Coinseed, a cryptocurrency trading company based in New York City, was ordered to shut down following an investigation into the app’s fraudulent investment charges.
Carried out by New York State Attorney General, Letitia James, the multi-year investigation ended Monday after Coinseed was found to be un-registered and trading cryptocurrencies on users’ accounts without their knowledge.
“For years, Coinseed and its CEO have engaged in egregious and fraudulent activities that have cheated investors out of millions,” Letitia James said in an official statement following the lengthy investigation. “In defiance of court orders, this company has continued to operate illegally and unethically, holding investors’ funds hostage and underscoring the dangers of investing in unregistered virtual currencies.”
Coinseed was also ordered to pay $3 million in damages to defrauded investors, which is still a fraction of the $18.5 that Bitfinex was forced to pay earlier this year.
James’ office found that Bitfinex and Coinseed were bilking investors, and lying to them about their app’s practices with their crypto currency. Since Coinseed’s tokens acted as the same practice as selling securities, James argued that they were also in the wrong by not registering as a broker-dealer, where their activity could be more easily regulated.
“When platforms operating illegally in New York seek to trade on investors’ money, we will use every tool at our disposal to stop their unlawful actions,” James said. “We will not allow rogue operators to hold innocent investors’ funds hostage while they deplete accounts and transfer virtual currency to an offshore, unregulated trading platform.”
According to the lawsuit, Coinseed grew to include somewhere between 4,000 and 5,000 active investors, with around $50,000 worth of daily transactions occurring on their platform. The Attorney General’s office reportedly received over 170 complaints about Coinseed from angry investors over the course of the investigation.
Many users complained that all of sudden their crypto balances were being converted into dogecoin without their knowledge or permission. One complaint alleged that a balance of $48,000 in various crypto currencies all became $31,000 in dogecoin overnight.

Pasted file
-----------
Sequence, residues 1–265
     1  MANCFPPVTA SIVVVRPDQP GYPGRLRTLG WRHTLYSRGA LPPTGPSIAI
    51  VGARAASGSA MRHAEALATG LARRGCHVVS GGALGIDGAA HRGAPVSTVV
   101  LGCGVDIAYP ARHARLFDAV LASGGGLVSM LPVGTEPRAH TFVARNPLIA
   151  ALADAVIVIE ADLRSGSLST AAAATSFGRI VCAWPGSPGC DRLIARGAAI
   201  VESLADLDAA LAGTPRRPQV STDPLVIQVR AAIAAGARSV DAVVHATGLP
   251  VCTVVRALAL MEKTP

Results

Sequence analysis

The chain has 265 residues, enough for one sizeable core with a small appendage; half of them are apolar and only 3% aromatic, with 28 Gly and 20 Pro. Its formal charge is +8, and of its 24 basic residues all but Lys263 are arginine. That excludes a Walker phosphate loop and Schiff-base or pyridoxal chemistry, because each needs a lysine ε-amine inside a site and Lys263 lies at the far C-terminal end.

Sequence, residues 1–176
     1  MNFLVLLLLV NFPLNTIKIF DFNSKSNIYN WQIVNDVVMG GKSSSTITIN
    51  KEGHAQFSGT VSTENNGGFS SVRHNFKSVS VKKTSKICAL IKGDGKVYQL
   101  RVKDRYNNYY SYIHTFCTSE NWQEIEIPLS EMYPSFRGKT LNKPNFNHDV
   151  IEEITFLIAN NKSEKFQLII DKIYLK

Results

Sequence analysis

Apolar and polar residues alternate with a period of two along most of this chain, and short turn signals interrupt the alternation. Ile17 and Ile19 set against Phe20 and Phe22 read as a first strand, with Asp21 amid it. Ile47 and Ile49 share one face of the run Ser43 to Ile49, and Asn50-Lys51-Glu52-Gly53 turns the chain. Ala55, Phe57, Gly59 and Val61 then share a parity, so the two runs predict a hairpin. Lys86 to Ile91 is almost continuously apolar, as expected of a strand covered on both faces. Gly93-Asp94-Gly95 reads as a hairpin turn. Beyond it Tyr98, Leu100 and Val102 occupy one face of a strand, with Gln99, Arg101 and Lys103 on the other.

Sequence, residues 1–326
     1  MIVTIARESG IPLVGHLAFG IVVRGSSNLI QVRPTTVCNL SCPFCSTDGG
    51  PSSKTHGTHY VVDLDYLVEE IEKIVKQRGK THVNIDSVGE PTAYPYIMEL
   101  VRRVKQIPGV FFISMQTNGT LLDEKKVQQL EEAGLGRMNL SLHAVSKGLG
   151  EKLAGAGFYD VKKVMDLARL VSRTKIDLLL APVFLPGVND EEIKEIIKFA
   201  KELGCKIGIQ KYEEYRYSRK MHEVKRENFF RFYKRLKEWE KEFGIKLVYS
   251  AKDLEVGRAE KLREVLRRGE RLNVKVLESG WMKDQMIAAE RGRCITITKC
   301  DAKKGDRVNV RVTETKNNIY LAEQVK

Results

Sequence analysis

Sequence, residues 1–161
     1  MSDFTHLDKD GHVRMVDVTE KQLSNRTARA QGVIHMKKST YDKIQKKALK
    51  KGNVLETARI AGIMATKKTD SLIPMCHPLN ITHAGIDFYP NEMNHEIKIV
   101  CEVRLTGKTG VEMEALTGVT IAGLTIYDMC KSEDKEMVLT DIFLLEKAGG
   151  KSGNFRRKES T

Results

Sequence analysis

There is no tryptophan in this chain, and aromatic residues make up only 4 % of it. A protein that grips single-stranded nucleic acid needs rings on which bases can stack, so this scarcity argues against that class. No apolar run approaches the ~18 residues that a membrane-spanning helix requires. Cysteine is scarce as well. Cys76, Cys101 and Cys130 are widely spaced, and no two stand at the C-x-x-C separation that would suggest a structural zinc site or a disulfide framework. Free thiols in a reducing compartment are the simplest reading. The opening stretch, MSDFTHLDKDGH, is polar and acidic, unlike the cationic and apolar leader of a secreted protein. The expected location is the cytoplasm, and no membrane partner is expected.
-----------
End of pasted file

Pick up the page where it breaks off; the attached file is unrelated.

Coinseed CEO Delgerdalai Davaasambuu released a since-deleted statement after the announcement that accused the Attorney General’s office of threatening to close them down if they didn’t pay thousands of dollars to throw out the investigation.
He also claimed that the office harassed his company for years, and that many cryptocurrency sites are not registered as broker-dealers in the state of New York. At the time, Bitifex and Tether also admitted to no wrong doing.
“They know that they can bully us because we can’t spend millions of dollars in legal fights,” Davaasambuu said. He called Letitia James a “business-abuser,” and said that he planned to move Coinseed to a more “crypto-friendly state.”
“Run away from New York if you are running a crypto business there,” he said, calling the shutdown, “immensely mournful and frustrating.”
In the investigation, many complaints also questioned CEO Delgerdalai Davaasambuu’s professional background, alleging that aspects of his expertise where fraudulent, as well.
“Please annoy the NYAG [New York Attorney General] as much as you can,” Davaasambuu later posted on the Coinbase website, which has since been taken down.
He is also promoting an advertisement for a release of a “F*** Letita James” token, a rude gesture that also incorrectly spells the Attorney General’s name.
“This order appoints a court-appointed receiver before any other investments are squandered by Coinseed and its CEO,” James said. “Unregulated and fraudulent virtual currency entities, no matter how big or small, will no longer be tolerated in New York.”